The Field of Machine Translation in Technical Writing

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At a recent technical writing conference, one group meeting was opened with the following statement:

The role of the technical communicator is changing. It behooves all old-time writers, editors, and illustrators to accept this and to prepare themselves for what will be expected of them.

Although this field hasn't experienced a complete breakthrough as yet, computer specialists are hard at work on the problem. If you have knowledge of one or more foreign languages and are skilled in technical writing, you should be well-equipped to work with translating equipment to convert foreign languages into English and vice versa.



To give you some idea of how translators and technical writers may be assigned to machine translation, we contacted William L. Benzon of Rensselaer Polytechnic Institute. Dr. Benzon was for-merly a bibliographer and editorial assistant with the American Journal of Computational Linguistics. This is what he said:

As high technology spreads across the globe, the need for rapid, reliable, and relatively cheap translation of technical documentation grows proportionately. Translation, however, is slow, boring, but highly skilled work-which adds up to its being very expensive work as well. On the other hand, computers are fast and they don't get bored. If they can be programmed with skills sufficient to the task, then fast and cheap translation may be possible.

Whether translation can be done by machines (MT) depends on the fact that most of the decisions to be made in translation are, in principle, as routine as the multiplication tables. Those decisions can be made quickly and accurately by a computer with the requisite software. However, many of those decisions depend on prior decisions of a different class, decisions that cannot be specified by some routine procedure. These decisions concern the meaning of the text and seem to require encyclopedic knowledge of the text's content. Current software provides literal, not idiomatic (everyday) language translations, so its use is restricted. Translated text must be converted into good idiomatic language, and there is an ongoing effort to solve this problem.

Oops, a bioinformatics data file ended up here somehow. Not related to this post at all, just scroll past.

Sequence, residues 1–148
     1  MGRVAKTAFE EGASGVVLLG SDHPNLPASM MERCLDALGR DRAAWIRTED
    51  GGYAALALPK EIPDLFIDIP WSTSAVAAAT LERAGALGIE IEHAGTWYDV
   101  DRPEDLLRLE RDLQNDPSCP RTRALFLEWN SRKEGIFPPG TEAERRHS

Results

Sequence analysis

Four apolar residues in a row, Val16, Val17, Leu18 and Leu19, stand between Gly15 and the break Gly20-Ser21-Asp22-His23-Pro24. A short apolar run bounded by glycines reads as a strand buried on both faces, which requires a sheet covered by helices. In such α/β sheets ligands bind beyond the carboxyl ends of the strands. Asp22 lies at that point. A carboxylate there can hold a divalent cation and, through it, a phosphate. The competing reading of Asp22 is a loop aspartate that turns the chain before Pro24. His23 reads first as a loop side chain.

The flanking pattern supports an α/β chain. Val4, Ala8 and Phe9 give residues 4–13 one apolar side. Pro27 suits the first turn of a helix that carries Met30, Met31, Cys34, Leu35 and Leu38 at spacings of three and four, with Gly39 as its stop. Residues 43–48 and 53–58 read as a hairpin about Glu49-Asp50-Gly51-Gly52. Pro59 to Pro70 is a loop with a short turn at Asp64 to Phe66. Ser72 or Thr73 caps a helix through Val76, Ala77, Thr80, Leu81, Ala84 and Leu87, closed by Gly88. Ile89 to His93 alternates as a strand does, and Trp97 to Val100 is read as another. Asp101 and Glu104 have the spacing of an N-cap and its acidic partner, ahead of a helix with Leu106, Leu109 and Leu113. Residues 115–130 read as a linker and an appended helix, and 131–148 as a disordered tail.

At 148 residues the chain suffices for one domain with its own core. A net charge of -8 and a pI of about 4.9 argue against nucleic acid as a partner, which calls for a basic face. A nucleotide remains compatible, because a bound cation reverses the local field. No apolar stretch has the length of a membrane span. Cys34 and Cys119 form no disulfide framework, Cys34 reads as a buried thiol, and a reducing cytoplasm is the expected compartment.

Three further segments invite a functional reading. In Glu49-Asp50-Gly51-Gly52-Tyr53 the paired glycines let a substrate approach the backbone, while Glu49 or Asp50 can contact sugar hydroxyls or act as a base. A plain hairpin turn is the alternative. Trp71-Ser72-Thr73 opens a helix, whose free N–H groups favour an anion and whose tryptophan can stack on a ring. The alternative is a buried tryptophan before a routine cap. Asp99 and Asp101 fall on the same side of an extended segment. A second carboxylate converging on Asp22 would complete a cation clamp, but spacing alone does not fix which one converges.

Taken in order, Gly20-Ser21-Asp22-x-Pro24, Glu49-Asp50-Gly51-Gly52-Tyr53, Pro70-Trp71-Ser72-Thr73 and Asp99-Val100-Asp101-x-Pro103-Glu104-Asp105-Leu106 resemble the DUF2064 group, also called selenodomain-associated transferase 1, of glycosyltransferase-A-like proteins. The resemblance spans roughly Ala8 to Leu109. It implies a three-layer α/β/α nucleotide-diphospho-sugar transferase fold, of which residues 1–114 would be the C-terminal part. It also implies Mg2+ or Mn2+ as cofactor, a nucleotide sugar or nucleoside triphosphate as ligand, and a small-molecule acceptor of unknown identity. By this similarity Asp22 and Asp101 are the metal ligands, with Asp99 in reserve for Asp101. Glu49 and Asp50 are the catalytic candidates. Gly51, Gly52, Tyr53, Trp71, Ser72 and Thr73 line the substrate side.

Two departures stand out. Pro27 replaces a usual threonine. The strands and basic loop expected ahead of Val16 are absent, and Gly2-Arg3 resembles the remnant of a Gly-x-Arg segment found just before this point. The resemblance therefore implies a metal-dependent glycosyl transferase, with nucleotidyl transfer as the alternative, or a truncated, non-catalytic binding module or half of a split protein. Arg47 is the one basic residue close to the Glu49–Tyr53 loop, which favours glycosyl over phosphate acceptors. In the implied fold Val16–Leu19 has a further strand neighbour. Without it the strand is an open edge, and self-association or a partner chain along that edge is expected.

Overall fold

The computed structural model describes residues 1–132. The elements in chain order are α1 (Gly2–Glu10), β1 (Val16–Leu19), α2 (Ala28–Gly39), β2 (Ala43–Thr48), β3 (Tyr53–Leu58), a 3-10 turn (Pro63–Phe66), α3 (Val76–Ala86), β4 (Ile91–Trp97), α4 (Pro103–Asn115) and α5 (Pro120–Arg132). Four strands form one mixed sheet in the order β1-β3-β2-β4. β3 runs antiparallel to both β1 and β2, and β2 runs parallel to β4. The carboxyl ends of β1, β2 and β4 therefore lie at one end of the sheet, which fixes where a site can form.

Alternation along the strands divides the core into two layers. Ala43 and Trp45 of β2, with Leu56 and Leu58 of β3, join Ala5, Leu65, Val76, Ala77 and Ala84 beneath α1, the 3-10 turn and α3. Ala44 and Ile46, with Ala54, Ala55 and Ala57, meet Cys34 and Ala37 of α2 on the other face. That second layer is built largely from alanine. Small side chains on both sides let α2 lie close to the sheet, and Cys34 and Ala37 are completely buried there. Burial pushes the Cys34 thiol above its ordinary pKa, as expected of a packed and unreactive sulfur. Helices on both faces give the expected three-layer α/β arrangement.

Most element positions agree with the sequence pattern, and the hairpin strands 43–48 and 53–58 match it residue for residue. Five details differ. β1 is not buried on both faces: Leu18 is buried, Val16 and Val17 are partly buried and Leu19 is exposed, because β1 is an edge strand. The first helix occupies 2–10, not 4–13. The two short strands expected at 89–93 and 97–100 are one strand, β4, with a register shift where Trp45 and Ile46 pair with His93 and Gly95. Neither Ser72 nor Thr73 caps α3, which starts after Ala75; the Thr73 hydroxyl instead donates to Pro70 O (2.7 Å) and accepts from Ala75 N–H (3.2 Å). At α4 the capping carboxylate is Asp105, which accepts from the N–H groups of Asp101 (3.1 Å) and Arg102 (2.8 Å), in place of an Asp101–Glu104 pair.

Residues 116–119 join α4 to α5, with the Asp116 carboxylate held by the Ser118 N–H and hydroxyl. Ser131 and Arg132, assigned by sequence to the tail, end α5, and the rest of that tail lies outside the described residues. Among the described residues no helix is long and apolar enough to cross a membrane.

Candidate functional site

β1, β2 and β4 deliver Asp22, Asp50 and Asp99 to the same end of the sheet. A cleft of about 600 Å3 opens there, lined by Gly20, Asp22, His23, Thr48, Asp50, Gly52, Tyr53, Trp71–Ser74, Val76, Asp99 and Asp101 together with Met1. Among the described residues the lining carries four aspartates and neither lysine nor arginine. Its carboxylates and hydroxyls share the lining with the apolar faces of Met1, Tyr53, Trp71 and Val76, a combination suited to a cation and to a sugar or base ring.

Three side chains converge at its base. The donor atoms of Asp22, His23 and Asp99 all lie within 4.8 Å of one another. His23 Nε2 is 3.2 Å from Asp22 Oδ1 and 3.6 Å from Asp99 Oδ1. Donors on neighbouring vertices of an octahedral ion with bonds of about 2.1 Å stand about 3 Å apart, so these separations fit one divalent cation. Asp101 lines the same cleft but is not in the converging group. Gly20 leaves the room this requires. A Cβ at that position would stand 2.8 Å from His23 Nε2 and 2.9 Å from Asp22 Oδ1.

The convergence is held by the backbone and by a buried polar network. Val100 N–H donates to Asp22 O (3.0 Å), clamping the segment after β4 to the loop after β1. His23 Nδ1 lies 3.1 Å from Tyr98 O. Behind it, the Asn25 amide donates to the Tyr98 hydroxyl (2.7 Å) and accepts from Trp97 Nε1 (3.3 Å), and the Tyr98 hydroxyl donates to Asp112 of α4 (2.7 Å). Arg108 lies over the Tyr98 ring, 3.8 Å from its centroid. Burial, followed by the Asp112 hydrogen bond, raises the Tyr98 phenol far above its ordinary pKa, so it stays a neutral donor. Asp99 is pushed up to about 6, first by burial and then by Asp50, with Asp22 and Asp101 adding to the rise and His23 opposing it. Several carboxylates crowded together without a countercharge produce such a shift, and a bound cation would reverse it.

To illustrate the difficulty of idiomatic versus literal translation, consider the phrase: "the coast is clear." In Spanish, the equivalent phrase is no haber ningunos mows en la costa, whose literal translation is "there are no Moors on the shore!"

Full-scale MT, in which the computer takes a text in the source language, such as Russian, and translates it into the target language, such as English, without any human intervention, is now possible. Software now exists that is capable of translating very short (300-500 words) texts on simple subjects, but these are too restricted in scope to be the basis of practical translation systems.

At present there are more practical machine aids to human translators. They have been given the designation MAT (machine-aided translation). Several MAT systems are in use by government agencies and private corporations. This subfield of technical communications surely will grow rapidly. In fact the technology in this area is changing so rapidly, that what we have written may be obsolete by the time you read it. Machine translation is an exciting employment possibility for translators-those people gifted in more than one language and with the ability to write well.

An acronym that we see today is CAT, computer-aided translation. In order to aid in the usage of CAT, companies are approaching translation in stages. First a glossary, or vocabulary, of the most common technical terms used by that company for foreign translation is drawn up for the translators as well as for other writers. This glossary is entered in the computer memory. Then a page of a manual, let us say, is entered in the word processor. It is preedited and then it is applied to the glossary. Words in the original piece of work are now transformed by the glossary, or "glossarized." After this is done, the piece of writing returns to the translator for its completion and final editing. Of course, this is an oversimplification of the process, but it may provide you with some idea of what is meant by CAT and machine translation. This development is by no means foolproof, but it does show the direction translation efforts are taking.

Systems of oral dictation to the computer also are being developed. Eventually, words spoken in one language may be computer-processed and translated into another language.
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